Clean Cookstoves Featured on The Martha Stewart Show

Washington, D.C.

December 22, 2010


Alexis Krieg

The Global Alliance for Clean Cookstoves — a partnership of governments, non-profit organizations, United Nations agencies, and the private sector working together to create a thriving global market for clean and efficient household cooking solutions — appeared today on The Martha Stewart Show to inform Stewart’s vast audience about the dangers posed by exposure to smoke from traditional cookstoves and to invite viewers to get engaged in the clean cookstoves movement.

Leslie Cordes, Acting Executive Director of the Global Alliance for Clean Cookstoves, said, “a major component of the mission of the Global Alliance for Clean Cookstoves is to educate the public about the unique role clean cookstoves play in saving lives, improving livelihoods, empowering women, and combating climate change. Martha Stewart, with her millions of loyal viewers and followers, gave the Alliance an invaluable opportunity to raise awareness about this important issue.”

Lisa Jackson, Administrator of the Environmental Protection Agency (EPA), appeared on the show to explain how clean cookstoves can deliver significant environmental and health benefits in the developing world. Jackson said, “this is a women’s issue, a childrens’ issue, and an economic issue.”

The Alliance was represented by Aaron Sherinian of the United Nations Foundation, which leads the Alliance’s work. Sherinian underscored the basic truth that “cooking shouldn’t kill, but for many women and families around the world it does. Everyone can get involved and tell the world that this issue matters and should be at the top of the global agenda.”

The segment will be available for online viewing on The Martha Stewart Show‘s website. Readers can join the movement by visiting


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Cookstove smoke contributes to a range of chronic illnesses and acute health impacts such as early childhood pneumonia, emphysema, lung cancer, bronchitis, cardiovascular disease and low birth weight.

The smoke from inefficient stoves continues to contribute to global climate change by producing harmful greenhouse gas emissions such as carbon dioxide and methane, and aerosols such as black carbon. Reliance on biomass for cooking and heating also increases pressure on local natural resources and forces women and children to spend many hours each week collecting firewood — an especially dangerous task for women and girls in refugee camps and conflict zones.

The use of efficient cookstoves can dramatically reduce fuel consumption and exposure to harmful smoke. Recent scientific evidence confirms that the greater the emissions reductions, the greater the health benefits. More efficient stoves also reduce the time people (usually women and girls) have to spend collecting fuel, and since stoves last for several years, the accumulated savings in time and cost can be invested back into families, communities and economies.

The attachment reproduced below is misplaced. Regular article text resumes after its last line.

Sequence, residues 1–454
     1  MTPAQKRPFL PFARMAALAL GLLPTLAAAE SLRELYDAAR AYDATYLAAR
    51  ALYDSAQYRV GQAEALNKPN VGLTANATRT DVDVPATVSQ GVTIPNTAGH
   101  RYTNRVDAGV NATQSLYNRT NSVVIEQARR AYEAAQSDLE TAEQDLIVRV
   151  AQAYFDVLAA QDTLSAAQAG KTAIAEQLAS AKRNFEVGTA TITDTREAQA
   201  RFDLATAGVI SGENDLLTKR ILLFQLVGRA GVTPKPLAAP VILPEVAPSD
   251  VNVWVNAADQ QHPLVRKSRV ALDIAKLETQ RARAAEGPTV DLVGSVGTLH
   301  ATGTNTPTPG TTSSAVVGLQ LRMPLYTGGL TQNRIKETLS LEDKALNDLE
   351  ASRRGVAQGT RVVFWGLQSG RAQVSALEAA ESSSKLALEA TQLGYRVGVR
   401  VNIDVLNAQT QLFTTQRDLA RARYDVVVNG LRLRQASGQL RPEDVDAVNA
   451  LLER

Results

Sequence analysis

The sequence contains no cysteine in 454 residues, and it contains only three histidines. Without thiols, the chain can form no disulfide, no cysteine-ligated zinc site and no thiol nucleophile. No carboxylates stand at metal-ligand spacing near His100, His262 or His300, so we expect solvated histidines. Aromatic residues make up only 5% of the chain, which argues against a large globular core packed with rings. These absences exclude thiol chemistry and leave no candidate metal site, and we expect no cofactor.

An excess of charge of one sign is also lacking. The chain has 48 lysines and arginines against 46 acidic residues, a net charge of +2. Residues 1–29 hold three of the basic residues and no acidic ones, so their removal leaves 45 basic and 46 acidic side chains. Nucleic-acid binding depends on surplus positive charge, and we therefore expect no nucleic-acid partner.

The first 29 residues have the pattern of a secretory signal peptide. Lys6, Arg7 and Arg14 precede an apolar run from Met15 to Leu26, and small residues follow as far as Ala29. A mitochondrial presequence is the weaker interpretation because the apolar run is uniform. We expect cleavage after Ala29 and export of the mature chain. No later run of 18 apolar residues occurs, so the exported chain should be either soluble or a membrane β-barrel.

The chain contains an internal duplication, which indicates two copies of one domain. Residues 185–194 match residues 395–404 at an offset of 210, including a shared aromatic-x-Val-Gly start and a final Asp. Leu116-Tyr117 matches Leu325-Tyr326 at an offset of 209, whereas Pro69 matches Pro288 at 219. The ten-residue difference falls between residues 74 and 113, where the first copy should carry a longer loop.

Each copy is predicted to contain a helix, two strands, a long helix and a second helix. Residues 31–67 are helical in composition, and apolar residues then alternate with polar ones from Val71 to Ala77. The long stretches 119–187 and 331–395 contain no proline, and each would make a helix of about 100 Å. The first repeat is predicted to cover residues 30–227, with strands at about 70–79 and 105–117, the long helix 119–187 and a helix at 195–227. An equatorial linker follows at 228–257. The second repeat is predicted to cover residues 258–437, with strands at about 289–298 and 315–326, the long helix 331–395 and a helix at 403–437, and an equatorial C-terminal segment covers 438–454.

The reductions in emissions achieved by clean cookstoves have the potential to create revenues from carbon credits. Stove companies can use this revenue to reduce stove prices or expand into new markets. More broadly, the entire clean cookstove supply-chain should be a source of economic opportunity and job creation at the local level.

To achieve its ‘100 by 20’ goal, the Alliance will establish industry standards; spur innovative financing mechanisms; champion the cause across the donor and development communities; develop indoor air quality guidelines; address global tax and tariff barriers; field test clean stoves and fuels; and develop research roadmaps across key sectors such as health, climate, technology and fuels.

A thriving global industry for clean cooking solutions will provide a range of long-term benefits for the entire world — from improving global health to combating climate change.

Alliance Founding Partners
United Nations Foundation, Shell Foundation, U.S. Environmental Protection Agency, U.S. Department of State, World Health Organization (WHO), German Federal Ministry for Economic Cooperation and Development, Deutsche Gesellschaft für Technische Zusammenarbeit (GTZ) GmbH, Morgan Stanley, UN-Energy, World Food Programme, UN Environment Programme (UNEP), UN Industrial Development Organization, U.S. Agency for International Development (USAID), U.S. Department of Energy, U.S. Department of Health and Human Services  (National Institutes of Health, and Centers for Disease Control & Prevention), UN High Commissioner for Refugees, SNV: Netherlands Development Organisation, Shell, Government of Peru, Government of Norway, Republic of Malta.

About the United Nations Foundation
The United Nations Foundation, a public charity, was created in 1998 with entrepreneur and philanthropist Ted Turner’s historic $1 billion gift to support UN causes and activities. The UN Foundation builds and implements public/private partnerships to address the world’s most pressing problems, and works to broaden support for the UN through advocacy and public outreach. Through campaigns and partnerships, the organization connects people, ideas, and resources to help the UN solve global problems. The campaigns reduce child mortality, empower women and girls, create a new energy future, secure peace and human rights, and promote technology innovation to improve health outcomes. These solutions are helping the UN advance the eight global targets known as the Millennium Development Goals (MDGs). For more information, visit